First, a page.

- A constant belongs to the compile time and it's created at compile time. It's value can not be changed while the program is running.
x,y := 6,0; fmt.Printf(x/y)- This will throw run compile time error.
- Another advantage of using constants is that Go can not detect runtime errors at compile-time but constants belong to compile time so errors can be detected earlier
- Constants can be unused unlike variables and compiler won't give any error.
const n1, m1 int = 5,6
const n1, m1 = 5,6
- Grouped constant
In a grouped constant a constant repeats the previous one
Rules for constants¶
- Variables can be left uninitialised after declaring but constants must be initialised after declaring them.
You cannot initialise the constants at runtime
const a int = Math.pow(3,4)- This is incorrect since function calls belong to runtime
- You cannot use variables to initialise constants. Eg:
t := 6; const tc = t- Incorrect. This is because variables belong to runtime.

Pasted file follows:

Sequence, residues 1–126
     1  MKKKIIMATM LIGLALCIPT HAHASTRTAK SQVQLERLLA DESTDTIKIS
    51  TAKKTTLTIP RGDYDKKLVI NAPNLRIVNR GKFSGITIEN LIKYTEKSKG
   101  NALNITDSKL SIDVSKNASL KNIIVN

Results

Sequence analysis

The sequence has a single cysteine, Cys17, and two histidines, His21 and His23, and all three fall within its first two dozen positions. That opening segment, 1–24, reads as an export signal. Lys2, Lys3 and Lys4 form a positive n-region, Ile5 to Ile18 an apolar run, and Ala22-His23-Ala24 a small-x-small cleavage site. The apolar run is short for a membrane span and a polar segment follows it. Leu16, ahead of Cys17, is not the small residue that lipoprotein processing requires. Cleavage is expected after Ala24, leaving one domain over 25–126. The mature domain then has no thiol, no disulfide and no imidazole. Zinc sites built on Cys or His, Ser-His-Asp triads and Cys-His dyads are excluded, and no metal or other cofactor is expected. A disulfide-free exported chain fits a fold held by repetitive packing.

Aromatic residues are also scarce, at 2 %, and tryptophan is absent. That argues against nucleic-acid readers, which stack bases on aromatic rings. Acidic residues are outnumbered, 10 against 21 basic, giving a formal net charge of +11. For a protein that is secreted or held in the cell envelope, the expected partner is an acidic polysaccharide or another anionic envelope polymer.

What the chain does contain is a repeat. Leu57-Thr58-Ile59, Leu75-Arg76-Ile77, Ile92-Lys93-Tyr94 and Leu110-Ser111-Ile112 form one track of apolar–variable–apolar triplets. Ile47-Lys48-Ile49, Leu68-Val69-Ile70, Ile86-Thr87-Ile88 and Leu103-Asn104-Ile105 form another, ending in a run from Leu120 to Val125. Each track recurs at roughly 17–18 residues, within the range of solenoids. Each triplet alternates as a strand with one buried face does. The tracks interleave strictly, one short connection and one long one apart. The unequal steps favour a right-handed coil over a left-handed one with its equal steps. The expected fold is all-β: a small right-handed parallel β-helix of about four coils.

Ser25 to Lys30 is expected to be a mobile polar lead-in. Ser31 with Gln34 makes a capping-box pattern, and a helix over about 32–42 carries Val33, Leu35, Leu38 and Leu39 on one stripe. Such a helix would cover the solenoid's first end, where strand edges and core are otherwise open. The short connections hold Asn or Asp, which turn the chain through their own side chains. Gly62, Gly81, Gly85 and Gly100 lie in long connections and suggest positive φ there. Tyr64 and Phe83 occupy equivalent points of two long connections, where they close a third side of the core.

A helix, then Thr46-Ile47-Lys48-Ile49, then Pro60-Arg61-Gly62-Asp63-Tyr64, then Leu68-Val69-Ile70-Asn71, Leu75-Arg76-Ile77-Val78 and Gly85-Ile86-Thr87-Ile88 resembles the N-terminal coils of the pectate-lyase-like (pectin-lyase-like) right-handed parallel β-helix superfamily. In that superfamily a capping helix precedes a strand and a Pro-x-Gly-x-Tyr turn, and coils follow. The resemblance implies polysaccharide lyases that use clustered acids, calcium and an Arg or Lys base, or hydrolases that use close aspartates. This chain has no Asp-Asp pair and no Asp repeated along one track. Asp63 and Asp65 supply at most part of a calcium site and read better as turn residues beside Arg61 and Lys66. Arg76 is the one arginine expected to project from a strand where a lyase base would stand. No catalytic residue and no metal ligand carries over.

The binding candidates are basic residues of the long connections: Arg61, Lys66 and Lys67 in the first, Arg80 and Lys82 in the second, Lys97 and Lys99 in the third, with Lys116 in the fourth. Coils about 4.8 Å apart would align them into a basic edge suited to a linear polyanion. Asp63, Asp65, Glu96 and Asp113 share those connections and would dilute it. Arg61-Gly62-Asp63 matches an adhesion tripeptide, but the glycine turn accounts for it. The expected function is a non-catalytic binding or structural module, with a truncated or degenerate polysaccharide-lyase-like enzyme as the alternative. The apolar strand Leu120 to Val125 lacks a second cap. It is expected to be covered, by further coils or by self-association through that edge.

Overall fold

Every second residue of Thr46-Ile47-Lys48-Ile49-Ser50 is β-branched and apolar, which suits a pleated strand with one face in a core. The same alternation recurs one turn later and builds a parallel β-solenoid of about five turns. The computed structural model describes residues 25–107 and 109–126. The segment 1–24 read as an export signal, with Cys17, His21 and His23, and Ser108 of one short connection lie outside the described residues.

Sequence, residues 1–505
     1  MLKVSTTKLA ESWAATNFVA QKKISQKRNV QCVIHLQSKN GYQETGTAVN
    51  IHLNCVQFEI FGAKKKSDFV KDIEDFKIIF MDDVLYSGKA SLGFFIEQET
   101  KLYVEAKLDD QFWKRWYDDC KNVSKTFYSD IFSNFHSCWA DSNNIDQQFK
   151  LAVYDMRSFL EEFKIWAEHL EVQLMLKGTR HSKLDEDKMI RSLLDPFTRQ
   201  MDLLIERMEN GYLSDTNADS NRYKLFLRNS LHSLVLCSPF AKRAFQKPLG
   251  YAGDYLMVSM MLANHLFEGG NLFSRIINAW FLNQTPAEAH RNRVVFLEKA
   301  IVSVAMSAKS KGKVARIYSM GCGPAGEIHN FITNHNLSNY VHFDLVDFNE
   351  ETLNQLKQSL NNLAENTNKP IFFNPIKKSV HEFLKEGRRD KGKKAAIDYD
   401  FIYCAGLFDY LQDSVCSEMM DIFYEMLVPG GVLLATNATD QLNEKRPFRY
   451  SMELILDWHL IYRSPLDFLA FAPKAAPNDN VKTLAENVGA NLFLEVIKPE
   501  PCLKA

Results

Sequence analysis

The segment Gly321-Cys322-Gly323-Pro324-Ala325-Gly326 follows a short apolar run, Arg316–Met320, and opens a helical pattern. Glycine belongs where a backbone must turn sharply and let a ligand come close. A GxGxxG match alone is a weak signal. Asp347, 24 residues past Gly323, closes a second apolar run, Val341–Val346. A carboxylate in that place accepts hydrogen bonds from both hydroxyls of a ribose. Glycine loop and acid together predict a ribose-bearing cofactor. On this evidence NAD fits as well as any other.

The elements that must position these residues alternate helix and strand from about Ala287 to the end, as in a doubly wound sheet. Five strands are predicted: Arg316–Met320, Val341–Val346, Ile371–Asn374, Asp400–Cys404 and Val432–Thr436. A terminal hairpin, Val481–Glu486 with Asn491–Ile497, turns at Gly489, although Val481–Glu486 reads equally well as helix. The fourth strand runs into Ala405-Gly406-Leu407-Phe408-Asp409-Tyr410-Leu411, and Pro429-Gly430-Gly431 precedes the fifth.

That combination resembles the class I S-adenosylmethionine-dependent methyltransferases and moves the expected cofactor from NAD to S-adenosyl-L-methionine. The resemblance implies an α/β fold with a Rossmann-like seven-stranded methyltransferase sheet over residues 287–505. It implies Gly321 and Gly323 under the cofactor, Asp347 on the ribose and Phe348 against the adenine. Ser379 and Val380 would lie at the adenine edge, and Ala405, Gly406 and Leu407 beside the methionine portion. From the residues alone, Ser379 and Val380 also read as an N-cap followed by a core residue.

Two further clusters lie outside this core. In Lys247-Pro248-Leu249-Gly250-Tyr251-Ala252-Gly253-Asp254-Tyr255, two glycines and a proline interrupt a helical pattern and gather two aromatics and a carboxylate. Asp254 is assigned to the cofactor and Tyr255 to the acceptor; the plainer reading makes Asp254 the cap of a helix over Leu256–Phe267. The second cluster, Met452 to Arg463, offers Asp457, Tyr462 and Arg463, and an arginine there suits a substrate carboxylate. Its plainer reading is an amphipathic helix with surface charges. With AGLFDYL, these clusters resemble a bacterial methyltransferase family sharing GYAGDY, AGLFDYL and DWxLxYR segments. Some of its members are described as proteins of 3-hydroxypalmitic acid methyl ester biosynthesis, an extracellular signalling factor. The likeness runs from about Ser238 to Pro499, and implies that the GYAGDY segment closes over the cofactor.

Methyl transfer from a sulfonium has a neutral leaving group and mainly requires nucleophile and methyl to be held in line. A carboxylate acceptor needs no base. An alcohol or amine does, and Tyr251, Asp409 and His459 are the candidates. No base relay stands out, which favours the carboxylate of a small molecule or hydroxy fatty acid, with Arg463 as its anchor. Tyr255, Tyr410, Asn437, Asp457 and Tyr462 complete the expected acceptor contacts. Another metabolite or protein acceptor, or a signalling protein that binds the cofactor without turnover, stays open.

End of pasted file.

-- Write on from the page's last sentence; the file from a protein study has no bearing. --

- We can use built in functions like
const a = len("hello")
- You can use expressions if they are constant expressions since it can be evaluated at compile time.
You cannot declare constants of type array
There are ONLY boolean constants, rune constants, integer constants, floating-point constants, complex constants, and string constants.
Typed and Untyped Constants¶
const a int = 65- Typed constant
const a = 56- Untyped constant
Untyped constants give us greater flexibility
- It is number generator for constants
iotakeyword represents successive keyword integers.
- By default iota starts with 0.
_can be used to skip values
Last updated: 2022-05-21